Thursday, June 03, 2010

Why can't the Mets do it on the road?

Last night's debacle in San Diego underscores the Mets' lopsided record this season: 19-9 at home, 8-18 on the road. On May 27, Joe Lapointe's New York Times "Bats" blog post gave the manager's theory:

Manager Jerry Manuel said he was not sure why the team played so poorly on the road but speculated that it might be because they get excited by smaller ballparks away from Citi Field and try to hit home runs.
This squares with my long-held belief that the Mets are a team perennially afflicted with what might be called "wannabe-a-hero" syndrome. This could also explain their frustrating inability to get hits in "clutch" situations.

Sean Forman looked further into the question of home field advantage in general in his "Bats" post later that same day. A statistical study, Forman writes, has shown that having the last at-bat is not what gives the home team the edge. Instead, it's familiarity with the idiosyncracies of the "friendly confines". This advantage is enhanced when a team's home field is in its second through fifth year of use. When a team first uses a new field, the players must learn its peculiarities just as those on visiting teams must, so the advantage is reduced. After the fifth year, visitors have come to learn the territory, which again reduces, though it doesn't negate, the home team's upper hand. Since Citi Field is now in its second year, this could at least partially explain the Mets' superb record at home, but not why they're so dismal away.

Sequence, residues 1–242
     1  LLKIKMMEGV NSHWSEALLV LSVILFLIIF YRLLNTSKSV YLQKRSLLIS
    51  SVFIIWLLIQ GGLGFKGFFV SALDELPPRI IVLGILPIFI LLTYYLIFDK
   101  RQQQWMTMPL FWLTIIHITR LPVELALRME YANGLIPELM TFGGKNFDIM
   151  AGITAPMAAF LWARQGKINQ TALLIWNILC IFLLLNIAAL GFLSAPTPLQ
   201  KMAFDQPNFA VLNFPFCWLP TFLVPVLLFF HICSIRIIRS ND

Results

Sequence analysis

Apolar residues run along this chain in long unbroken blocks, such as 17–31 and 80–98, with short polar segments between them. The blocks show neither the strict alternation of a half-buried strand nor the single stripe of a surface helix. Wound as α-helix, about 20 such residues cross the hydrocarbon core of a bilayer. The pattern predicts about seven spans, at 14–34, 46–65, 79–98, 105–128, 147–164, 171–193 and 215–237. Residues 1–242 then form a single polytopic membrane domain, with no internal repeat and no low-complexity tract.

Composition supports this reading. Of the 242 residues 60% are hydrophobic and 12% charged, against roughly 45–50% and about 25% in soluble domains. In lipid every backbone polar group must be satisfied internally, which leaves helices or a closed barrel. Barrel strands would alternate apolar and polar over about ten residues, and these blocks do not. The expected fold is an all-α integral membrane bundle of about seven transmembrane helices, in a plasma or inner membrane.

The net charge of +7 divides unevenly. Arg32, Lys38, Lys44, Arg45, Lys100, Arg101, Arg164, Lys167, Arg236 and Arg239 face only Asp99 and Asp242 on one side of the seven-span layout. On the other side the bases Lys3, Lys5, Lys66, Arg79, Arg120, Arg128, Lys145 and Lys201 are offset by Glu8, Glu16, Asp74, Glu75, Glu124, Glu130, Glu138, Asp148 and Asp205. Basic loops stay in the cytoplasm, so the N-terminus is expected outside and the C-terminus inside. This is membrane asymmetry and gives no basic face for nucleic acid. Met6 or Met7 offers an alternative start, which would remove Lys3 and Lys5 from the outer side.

6.6 update: The at-home magic is back as the Mets complete a sweep of division rivals the Marlins.